For a brief bit of levity, here’s YouTube Influencer Shane Dawson exploring the world of fake views and likes. He found that even the most mundane and even boring content could generate thousands of likes and views through bots. Warning: the video does contain some cursing.
So how does one go about to actually detecting fake views?
About 6 years ago, the Daily Dot published a piece on “botting” or the use of bots to increase likes and views (How Botting Works on YouTube). Detecting viewbots used to be as simple as right clicking on a video in YouTube to look at the statistics. At the time there were YouTube mobile app discrepancies that could be exploited by bots to increase views. If there was an inexplicable leap in views and most of them came from mobile, then it was pretty easy to see where view inflation came in.
Nowadays, however, “stats for nerds” show only the connectivity and resolution information:
It’s therefore much more difficult to know for sure if a YouTube video has been inflated by viewbots. Instead we can follow the lead of articles like How to spot fake youtube views which take a common sense approach. Essentially if a video has a very high view count but the channel has a small number of followers, the video has a disproportionate amount of comments to views, or has a disproportionate number of likes to dislikes then there’s a good chance that those views were bought.
What does disproportionate mean in this context? If the video has a million likes but only 20 likes or dislikes, it may point to a augmented view count. If the video has 500k views but there’s only one video from the YouTube channel and no subscribers, that’s also a potential red flag.
It may seem simple, but keeping a look out for these red flags should be due diligence for any brand looking to work with an influencer or any social media user looking to repost a incendiary video to their accounts.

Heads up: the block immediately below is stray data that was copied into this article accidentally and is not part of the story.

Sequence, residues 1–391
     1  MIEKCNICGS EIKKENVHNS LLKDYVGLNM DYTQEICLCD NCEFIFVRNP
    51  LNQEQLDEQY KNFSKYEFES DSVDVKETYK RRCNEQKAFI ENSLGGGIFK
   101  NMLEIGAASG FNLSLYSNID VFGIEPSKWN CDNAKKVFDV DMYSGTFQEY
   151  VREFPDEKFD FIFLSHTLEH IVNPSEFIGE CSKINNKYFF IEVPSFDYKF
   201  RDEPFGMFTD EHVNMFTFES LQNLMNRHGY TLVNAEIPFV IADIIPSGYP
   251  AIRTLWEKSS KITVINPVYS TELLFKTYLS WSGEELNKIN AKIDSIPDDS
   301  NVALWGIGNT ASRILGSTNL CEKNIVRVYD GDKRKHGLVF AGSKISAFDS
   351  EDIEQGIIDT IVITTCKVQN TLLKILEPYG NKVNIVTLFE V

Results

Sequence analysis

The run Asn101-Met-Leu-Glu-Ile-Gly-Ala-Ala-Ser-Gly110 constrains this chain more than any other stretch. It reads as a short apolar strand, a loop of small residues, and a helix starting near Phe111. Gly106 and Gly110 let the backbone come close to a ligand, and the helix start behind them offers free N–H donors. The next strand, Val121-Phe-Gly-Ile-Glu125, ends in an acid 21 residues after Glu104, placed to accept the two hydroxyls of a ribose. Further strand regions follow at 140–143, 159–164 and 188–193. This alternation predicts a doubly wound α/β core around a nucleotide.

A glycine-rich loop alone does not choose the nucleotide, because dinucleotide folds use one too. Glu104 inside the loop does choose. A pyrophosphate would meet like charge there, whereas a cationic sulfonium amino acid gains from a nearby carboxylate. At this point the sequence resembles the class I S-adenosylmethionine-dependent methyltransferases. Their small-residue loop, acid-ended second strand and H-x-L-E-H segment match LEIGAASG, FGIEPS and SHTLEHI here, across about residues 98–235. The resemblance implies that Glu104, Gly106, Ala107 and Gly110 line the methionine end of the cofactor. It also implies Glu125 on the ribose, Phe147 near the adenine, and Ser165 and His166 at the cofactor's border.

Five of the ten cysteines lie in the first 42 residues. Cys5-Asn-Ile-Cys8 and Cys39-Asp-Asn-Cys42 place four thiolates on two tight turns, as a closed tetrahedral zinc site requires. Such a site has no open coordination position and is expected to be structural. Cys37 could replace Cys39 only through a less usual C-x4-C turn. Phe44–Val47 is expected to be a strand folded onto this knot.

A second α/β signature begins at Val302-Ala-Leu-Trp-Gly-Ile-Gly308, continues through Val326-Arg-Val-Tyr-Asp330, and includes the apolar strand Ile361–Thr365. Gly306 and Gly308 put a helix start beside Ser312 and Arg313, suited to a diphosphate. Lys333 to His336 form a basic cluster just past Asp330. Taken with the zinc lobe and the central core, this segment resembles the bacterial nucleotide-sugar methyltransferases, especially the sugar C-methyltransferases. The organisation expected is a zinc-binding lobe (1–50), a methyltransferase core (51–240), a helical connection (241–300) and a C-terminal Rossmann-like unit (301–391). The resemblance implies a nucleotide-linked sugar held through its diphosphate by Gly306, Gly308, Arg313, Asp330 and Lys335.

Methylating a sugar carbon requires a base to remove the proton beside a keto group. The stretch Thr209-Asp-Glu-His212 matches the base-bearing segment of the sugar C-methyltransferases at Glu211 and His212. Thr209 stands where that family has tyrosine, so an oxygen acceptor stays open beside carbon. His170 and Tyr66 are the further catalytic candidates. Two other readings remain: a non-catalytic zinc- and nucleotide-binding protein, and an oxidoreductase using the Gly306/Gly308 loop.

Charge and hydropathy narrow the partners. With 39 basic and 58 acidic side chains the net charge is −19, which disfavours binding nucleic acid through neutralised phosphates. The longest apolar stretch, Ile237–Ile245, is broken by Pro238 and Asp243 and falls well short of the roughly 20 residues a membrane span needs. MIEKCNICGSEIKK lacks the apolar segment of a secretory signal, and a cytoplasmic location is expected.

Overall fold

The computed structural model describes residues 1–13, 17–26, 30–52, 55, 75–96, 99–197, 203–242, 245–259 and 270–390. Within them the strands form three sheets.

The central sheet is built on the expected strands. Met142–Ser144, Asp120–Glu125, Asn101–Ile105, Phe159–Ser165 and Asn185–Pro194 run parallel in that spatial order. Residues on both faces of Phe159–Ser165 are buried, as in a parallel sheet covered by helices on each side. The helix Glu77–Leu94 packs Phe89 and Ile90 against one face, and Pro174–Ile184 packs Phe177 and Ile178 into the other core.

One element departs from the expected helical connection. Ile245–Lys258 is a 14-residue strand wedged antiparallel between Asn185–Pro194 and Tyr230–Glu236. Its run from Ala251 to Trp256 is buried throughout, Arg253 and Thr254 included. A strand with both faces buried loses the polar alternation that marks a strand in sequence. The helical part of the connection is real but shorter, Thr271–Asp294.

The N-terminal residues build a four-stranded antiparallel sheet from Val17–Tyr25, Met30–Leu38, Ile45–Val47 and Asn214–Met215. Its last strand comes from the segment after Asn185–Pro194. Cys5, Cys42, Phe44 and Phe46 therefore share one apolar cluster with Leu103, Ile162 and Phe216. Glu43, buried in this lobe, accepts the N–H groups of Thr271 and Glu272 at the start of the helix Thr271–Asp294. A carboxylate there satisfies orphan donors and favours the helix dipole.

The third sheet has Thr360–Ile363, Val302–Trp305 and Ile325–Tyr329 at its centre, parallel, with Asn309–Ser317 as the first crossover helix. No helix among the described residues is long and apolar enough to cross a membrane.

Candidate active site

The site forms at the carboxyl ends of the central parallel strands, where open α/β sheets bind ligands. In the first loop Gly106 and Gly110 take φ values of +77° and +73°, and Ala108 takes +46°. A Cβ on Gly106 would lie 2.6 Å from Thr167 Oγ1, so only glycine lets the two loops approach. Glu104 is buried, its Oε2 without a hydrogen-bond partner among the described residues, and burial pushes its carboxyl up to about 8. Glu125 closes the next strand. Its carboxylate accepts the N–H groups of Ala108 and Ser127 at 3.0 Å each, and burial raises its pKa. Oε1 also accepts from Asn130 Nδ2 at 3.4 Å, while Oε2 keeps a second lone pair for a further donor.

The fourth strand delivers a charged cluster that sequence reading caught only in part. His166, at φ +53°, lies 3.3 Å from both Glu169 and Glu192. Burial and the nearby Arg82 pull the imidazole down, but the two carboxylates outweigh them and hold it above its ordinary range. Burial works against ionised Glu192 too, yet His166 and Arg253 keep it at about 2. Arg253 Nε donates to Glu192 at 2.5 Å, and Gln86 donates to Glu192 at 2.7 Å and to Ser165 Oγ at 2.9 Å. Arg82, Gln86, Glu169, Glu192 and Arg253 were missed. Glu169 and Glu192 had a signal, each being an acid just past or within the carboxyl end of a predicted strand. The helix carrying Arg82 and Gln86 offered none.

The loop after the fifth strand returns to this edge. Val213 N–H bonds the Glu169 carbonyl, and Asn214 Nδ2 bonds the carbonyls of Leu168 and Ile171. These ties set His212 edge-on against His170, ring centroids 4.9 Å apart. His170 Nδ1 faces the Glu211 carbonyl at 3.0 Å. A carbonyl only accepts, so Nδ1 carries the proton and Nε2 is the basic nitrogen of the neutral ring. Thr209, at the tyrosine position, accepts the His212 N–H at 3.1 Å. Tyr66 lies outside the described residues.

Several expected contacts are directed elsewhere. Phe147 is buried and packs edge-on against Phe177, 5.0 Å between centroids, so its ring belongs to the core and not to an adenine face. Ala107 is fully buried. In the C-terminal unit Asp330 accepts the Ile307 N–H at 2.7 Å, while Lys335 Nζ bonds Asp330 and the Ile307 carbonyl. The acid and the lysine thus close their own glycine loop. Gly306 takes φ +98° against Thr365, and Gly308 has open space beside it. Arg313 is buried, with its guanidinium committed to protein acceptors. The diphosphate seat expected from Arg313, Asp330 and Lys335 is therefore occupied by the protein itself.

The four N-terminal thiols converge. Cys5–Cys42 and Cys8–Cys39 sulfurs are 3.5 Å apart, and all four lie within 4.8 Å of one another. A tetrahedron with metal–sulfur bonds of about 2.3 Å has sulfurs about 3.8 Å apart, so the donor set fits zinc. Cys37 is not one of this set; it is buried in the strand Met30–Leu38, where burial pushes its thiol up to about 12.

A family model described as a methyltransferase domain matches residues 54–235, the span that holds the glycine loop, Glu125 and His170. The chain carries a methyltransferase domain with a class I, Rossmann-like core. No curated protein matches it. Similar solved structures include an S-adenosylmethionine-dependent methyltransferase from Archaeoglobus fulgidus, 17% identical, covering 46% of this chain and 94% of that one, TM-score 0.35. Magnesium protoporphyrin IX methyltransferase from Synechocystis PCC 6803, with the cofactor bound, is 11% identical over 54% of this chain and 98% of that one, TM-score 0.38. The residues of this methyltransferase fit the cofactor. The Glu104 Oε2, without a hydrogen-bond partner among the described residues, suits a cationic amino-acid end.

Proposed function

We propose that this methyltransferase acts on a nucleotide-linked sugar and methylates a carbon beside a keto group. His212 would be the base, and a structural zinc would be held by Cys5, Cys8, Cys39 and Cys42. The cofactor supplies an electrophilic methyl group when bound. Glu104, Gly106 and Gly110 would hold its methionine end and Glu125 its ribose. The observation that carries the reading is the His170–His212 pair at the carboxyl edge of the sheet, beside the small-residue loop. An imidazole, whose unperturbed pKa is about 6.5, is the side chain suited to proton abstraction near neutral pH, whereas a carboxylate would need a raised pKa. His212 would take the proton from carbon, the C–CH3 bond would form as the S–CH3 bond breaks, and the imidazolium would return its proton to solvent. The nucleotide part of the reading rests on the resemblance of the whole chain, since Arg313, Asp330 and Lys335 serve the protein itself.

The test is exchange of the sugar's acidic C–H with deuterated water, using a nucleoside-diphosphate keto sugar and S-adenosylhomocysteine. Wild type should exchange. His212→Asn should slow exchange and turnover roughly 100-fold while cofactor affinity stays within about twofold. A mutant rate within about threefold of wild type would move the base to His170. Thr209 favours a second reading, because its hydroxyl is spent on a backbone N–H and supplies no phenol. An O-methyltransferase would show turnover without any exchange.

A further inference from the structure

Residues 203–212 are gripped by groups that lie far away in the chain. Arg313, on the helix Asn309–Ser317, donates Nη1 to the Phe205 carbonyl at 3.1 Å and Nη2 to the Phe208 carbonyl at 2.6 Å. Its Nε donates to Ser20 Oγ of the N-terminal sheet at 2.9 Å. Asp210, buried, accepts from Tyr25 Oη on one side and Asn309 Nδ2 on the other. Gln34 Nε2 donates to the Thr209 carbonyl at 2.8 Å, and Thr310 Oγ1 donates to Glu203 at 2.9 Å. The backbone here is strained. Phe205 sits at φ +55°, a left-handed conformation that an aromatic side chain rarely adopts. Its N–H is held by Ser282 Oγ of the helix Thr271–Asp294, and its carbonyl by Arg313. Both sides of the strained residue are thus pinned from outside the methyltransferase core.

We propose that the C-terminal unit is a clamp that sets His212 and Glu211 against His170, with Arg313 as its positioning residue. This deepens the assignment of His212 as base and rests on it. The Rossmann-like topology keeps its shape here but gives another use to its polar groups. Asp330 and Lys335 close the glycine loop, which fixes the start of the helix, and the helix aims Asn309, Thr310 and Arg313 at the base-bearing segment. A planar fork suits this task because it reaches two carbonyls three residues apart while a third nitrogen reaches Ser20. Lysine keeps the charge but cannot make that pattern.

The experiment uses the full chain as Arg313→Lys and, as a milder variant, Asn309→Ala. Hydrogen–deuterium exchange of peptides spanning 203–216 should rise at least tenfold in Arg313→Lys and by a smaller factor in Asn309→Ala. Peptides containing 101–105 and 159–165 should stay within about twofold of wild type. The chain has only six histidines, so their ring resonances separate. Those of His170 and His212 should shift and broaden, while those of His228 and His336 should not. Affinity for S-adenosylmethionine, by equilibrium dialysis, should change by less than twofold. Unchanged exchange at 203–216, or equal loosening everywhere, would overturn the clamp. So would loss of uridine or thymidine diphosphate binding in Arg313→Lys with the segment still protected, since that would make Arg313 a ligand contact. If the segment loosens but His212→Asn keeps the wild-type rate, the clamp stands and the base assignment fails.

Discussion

Why does this matter for Marketing
Since when did digital marketers become bot hunters? Since influencer marketing became a huge business. For brands interested in working with an influencer, getting full transparency into impact is integral to understanding their return on investment. For influencers who are interested in creating a lasting personal brand, it can be frustrating to see others game the system while legitimate influencers gain followings slowly.
YouTube is the top way misinformation is spread and a popular way to obscure the true impact of so-called “influencers”. But with some simple techniques and a good analytics tool, marketers and influencers can avoid questionable content and questionable YouTubers.
How to use Scraawl YouTube Search
Step 1. Set up your search
In this report we looked at the Met Gala in a YouTube Premium Search. We put the terms (Met Gala 2018) OR (Met Gala). These terms were anded with the geo-bubble we placed around New York, which is where the Met Gala took place.
Step 2. Look at Basic Statistics
Once you hit Start Scraawling, your report will generate Basic Statistics, tables of top lists that include Top Videos, Users, Words, and Languages. Each one of these boxes contains the button “Details” which can be clicked to see further summary stats.
In your Basic Statistics there is also a timeline view that shows the volume of posts over time. This timeline can also be used to filter the YouTube dataset.
Step 3: Do some sleuthing in Basic Statistics
One of the red flags of viewbots mentioned earlier in this article was a disproportionate. One way to check the amount of likes and dislikes within Scraawl is to take a look at Basic Statistics and to drill down on a Top User.
Once you drill down on a user you will see a summary statistics page that includes how many videos this user has within the report and how many likes/dislikes these videos have accrued. Here is one example:
Step 4. Dive into the Advanced Analytics
In Advanced Analytics you will see the following analytics Map View, Media Gallery, and Named Entities. Map View offers geo-spatial analysis while Media Gallery will list the media found in the posts collected, in this case videos, and list them in terms of popularity. Named Entities is based on entity extraction and can pull out recognized persons, locations, and organizations from the video title and description. Let’s take a look at named entities more deeply.
Step 5. Dive into Named Entities
Looking at the top entities we see that Lana Del (Rey) and Jared Leto were two of the most mentioned celebrities in our Met Gala + New York data set. We also see a host of other well-known faces such as Amal Clooney and Ariana Grande, plus the location of New York as well.
And that’s it! A quick and dirty overview of YouTube searches and analytics within Scraawl.